• high-performance computing, semiconductors and advanced computer hardware
  • quantum computing and information systems
  • robotics, automation and advanced manufacturing
  • natural or anthropogenic disaster prevention
  • advanced communications technology
  • biotechnology, genomics and synthetic biology
  • cybersecurity, data storage and data management technologies
  • advanced energy
  • materials science, engineering, and exploration relevant to the other key technology focus areas

The list of key technology areas would be updated periodically by a panel of outside experts appointed by Congress. This panel would also oversee the technology directorate’s activities. The legislation recommends that the directorate’s budget increase from $2 billion in FY2021 to $35 billion by 2024. The bill prohibits lawmakers from funding the new directorate if funding other directorates is decreased. The bill sponsors hope that this provision will prevent the legislation from taking funding from other directorates. NSF’s fiscal year 2020 budget is $8.3 billion.

Coronavirus Recovery Bills: Seventy-nine House Democrats asked Congressional leaders to include “Restoration and Resilience Jobs” measures in future pandemic recovery legislation. Their request includes $10 billion for ecological restoration in watersheds across the country, $9 billion for implementing the Recovering America’s Wildlife Act (H.R. 3742) and $750 million for wildlife disease research and management. ESA supports the Recovering America’s Wildlife Act and requested funds for wildlife disease programs like the U.S. Geological Survey National Wildlife Health Center and USDA Animal and Plant Health Inspection Service National Wildlife Research Center in coronavirus response legislation.

Overall, the status of a future pandemic response bill is stalled. The full House passed the Heroes Act (H.R. 6800) May 15 and passed another measure easing rules for the Paycheck Protection Program (H.R. 7010). Senate Majority Leader Mitch McConnell (R-KY) has been resistant to passing another relief bill but indicated that there will likely be another bill. However, this bill will likely be smaller than the Heroes Act.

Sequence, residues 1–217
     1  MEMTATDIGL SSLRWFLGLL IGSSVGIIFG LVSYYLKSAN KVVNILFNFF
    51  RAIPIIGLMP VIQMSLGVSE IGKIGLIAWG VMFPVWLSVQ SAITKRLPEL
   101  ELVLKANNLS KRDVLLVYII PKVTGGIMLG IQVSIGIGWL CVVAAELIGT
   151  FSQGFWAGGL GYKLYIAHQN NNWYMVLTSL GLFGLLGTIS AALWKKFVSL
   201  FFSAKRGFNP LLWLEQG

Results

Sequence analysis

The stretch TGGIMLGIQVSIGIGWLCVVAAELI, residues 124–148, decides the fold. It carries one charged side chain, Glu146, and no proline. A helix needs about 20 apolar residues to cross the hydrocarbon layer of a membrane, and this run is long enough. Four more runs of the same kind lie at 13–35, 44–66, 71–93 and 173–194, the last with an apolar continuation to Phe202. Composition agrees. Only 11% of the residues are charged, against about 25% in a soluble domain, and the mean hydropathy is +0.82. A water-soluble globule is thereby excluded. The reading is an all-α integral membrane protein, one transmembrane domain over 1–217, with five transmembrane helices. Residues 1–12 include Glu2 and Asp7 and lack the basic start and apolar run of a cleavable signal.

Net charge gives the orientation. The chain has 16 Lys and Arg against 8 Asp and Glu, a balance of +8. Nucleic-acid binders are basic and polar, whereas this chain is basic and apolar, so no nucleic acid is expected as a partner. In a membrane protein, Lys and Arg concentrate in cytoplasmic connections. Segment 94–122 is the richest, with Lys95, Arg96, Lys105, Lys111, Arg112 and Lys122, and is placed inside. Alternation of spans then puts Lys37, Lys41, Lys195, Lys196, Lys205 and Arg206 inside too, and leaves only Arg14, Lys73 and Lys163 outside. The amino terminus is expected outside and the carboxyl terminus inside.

House Natural Resources Committee: Chairman Raul Grijalva (D-AZ) held a virtual roundtable about wildlife disease and limiting the spread of wildlife-borne diseases to humans. Grijalva highlighted provisions in the latest coronavirus response bill (H.R. 6800) that provide funding for wildlife disease research and strengthen the Lacey Act to prevent the import and transportation of species that are hazardous to human health (see ESA Policy News, May 18, 2020).

Former U.S. Fish and Wildlife Service director Dan Ashe echoed support for these provisions. Retired U.S. Geological Survey National Wildlife Health Center Director Leslie Dierauf advocated for investment in the center to enhance its work, including $125 million for a new biosafety laboratory. Dave Jessup, a wildlife veterinarian and the former executive director of the Wildlife Disease Association, warned that roadside zoos, exotic animal auctions and other situations in the United States have the potential to lead to outbreaks like COVID-19Christine Kreuder Johnson, a professor of epidemiology and ecosystem health at the University of California, Davis, emphasized the importance of early detection of viruses with the potential to infect humans. Johnson directs animal and human surveillance activities for USAID’s PREDICT project. PREDICT was designed to strengthen global capacity for the detection and discovery of zoonotic viruses with pandemic potential.